NJ.com, Sep. 14
I was driving along the other day listening to the radio when on came an announcement from the New Jersey Domestic Preparedness Task Force.
“Terrorists will attack again in America,” it said. “You should be ready — where you live, where you work and where you travel.”
I’m sure I should. But every time I hear this sort of thing, I ask myself a basic question: How can the terrorists attack us if we don’t let them into the country?
As it happens, the 9/11 commission recently asked the same question. Last month the commission released a report titled “9/11 and Terrorist Travel.” It was a supplement to its main report.
The first words are: “It is perhaps obvious to state that terrorists cannot plan and carry out attacks within the United States if they cannot enter the country.”
That’s obvious to me. And I’m sure it’s obvious to you. But it raises a question: Why don’t we prevent potential terrorists from entering the country?
As it happens, I recently had an exchange with Rep. Barney Frank on that exact subject on these pages. I noted that in 1987 the Massachusetts Democrats sponsored a law that made it easier for people with questionable backgrounds to enter the United States.
In a letter to the editor, Frank responded, “Mulshine asks what I was thinking when I ‘sponsored a bill that precluded immigration officials from refusing entry to foreigners with admitted terrorist connections.’ The answer is nothing because I never sponsored any such legislation.”
Frank went on to note, “I did sponsor legislation … that ended the practice of excluding people from our country because we disagree with their political views.”
Okay. Suppose a citizen of Saudi Arabia shows up for a visa interview wearing a T-shirt that says “I love Osama.” Should that person be refused a visa?
“A T-shirt is not a terrorist connection,” Frank said when I got him on the phone yesterday. “If all you’ve done was to wear T-shirt, I don’t think you should be excluded.”
That’s not just Frank’s opinion. That’s U.S. policy. Jessica Vaughn of the Center for Immigration studies notes that American immigration officials are told that they can’t even consider political opinions when issuing visas. Showing up for an immigration interview with an “I love Osama” T-shirt is perfectly acceptable, she said.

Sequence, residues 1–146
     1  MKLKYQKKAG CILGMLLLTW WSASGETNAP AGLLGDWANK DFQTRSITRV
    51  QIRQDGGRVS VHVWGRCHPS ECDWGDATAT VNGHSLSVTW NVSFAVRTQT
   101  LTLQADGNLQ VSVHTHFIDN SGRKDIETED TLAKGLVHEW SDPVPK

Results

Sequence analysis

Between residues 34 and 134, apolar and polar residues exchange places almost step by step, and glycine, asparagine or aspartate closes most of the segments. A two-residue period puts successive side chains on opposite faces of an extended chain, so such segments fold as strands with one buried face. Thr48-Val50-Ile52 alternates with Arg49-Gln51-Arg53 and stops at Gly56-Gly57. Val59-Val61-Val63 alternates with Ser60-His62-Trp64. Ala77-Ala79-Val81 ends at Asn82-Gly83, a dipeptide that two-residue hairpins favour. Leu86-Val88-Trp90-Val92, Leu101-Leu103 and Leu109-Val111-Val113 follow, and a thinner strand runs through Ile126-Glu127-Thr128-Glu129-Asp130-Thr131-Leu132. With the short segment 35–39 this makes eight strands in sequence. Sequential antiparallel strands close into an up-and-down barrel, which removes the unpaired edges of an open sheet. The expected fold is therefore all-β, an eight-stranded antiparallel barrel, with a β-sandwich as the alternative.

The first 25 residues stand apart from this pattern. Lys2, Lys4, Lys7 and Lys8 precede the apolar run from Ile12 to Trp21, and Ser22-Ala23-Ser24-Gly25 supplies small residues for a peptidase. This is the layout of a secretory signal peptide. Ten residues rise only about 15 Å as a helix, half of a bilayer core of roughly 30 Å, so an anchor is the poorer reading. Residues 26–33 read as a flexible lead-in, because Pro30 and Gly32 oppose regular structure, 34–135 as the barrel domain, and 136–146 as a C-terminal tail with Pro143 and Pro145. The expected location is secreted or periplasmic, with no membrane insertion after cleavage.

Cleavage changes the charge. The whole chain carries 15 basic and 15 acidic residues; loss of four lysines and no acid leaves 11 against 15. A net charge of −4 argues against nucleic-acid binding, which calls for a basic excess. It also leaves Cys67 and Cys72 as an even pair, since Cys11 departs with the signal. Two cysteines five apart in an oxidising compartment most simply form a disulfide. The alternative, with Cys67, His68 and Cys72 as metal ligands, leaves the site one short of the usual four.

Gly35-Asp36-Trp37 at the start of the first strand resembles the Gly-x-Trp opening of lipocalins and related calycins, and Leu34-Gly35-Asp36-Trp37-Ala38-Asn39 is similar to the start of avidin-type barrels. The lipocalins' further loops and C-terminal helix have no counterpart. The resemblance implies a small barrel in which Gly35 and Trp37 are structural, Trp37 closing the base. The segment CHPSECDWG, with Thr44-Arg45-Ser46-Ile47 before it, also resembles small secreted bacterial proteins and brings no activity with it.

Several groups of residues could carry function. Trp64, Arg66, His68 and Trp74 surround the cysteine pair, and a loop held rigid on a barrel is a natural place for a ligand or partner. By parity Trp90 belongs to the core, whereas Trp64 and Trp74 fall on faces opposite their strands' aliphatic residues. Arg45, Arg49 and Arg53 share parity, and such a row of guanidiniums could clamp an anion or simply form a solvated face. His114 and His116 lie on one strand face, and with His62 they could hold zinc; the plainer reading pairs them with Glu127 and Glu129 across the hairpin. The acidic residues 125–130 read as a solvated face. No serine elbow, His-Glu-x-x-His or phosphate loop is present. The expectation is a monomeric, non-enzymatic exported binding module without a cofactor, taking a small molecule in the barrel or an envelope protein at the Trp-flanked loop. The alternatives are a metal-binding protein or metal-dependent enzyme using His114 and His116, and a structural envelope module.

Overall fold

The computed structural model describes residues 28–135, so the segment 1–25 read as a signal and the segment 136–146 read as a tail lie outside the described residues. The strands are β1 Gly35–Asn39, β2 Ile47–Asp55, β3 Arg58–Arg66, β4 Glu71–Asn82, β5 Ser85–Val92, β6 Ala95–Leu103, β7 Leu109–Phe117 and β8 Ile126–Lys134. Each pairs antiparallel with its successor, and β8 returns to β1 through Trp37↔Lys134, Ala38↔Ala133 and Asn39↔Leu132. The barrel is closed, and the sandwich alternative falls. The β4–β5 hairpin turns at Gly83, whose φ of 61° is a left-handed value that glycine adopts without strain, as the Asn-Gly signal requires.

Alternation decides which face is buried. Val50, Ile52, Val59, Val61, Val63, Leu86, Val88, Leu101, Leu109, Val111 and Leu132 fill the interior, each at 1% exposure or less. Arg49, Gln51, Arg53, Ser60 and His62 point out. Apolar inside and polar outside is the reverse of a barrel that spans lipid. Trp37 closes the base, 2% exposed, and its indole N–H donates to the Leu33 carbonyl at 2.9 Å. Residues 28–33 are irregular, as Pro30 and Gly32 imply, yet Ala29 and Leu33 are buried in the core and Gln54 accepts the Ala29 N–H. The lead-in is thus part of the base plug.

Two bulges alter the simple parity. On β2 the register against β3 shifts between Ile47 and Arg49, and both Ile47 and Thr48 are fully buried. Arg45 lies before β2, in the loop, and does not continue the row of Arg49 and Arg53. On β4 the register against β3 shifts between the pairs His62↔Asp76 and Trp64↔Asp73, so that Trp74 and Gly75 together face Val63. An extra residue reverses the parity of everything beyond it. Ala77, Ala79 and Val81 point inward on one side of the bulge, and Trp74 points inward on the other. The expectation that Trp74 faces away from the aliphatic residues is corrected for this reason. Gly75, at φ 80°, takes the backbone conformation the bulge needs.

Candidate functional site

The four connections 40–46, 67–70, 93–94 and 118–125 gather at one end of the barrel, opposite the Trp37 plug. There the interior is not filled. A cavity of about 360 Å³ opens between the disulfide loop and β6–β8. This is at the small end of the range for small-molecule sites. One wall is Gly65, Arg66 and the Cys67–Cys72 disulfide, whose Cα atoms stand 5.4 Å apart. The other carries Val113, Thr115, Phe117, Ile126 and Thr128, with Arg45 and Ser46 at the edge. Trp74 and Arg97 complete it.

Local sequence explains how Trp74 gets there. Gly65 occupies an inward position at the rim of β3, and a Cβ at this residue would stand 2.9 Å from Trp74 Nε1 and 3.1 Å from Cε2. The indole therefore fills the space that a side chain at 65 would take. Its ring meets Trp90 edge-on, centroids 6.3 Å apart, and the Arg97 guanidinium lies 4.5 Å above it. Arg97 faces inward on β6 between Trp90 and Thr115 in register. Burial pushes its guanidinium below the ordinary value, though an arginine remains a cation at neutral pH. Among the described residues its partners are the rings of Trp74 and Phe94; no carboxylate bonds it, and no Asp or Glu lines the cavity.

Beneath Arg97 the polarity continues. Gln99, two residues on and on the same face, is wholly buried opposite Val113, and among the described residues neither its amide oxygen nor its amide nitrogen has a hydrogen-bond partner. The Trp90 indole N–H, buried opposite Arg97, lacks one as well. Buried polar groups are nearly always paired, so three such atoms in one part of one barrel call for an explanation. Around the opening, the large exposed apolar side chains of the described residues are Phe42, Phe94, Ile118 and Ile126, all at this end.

“You can never refuse somebody on those grounds,” Vaughn told me. “The person practically has to come in and say, ‘Yeah, I was going to blow up whatever.’ And that might not be enough if they didn’t do it.”
In his letter to me, Frank said of the bill he sponsored, “Every one of the terrorists involved in Sept. 11 was completely excludable under this law.”
True enough. But only if the terrorist in question had been nice enough to admit he was a terrorist. The commission report shows the visa application of hijacker Mohand al Shehri. Next to Shehri’s scowling face are the words, “Are you a member or a representative of a terrorist organization?” Al Shehri checked the “no” box. That was enough to get him admitted to the country. This would be a comedy of errors if it weren’t a tragedy.
Al Shehri and many of the other hijackers still could have been excluded on other grounds, such as incomplete information on their applications. But the immigration service was understaffed. Interviewers didn’t have the time to review applications. The Bush administration is still refusing to give immigration officials the resources they need to police the borders, Frank said.
“They haven’t put enough money into it,” said Frank of immigration enforcement.
But they’ve put plenty of money into attacking Iraq, he noted, about $200 billion or so.
“We’re not going to be able to get them all over there,” Frank said of the terrorists.
No, we’re not. I rarely agree with Frank on anything, but I’m with him on that point. It’s insane to spend hundreds of billions remaking the map of the Mideast when we could shore up our borders for a fraction of that amount. If we’re truly going to have a “war on terror,” we should close the borders to all nations that supply soldiers for the other side in that war. But it’s not up to me. It’s up to the Bush administration.
“Even after 19 hijackers demonstrated the relative ease of gaining a U.S. visa and entering the United States, border security still is not considered a cornerstone of national security policy,” the report states.
The report goes on to observe, “It must be made one.”
I agree with that. In the meantime, instead of running all those ads, I’d suggest the homeland security people print a bunch of bumper stickers. How about “Honk if you’re a terrorist”? That should root them out.
(Posted on September 27, 2004)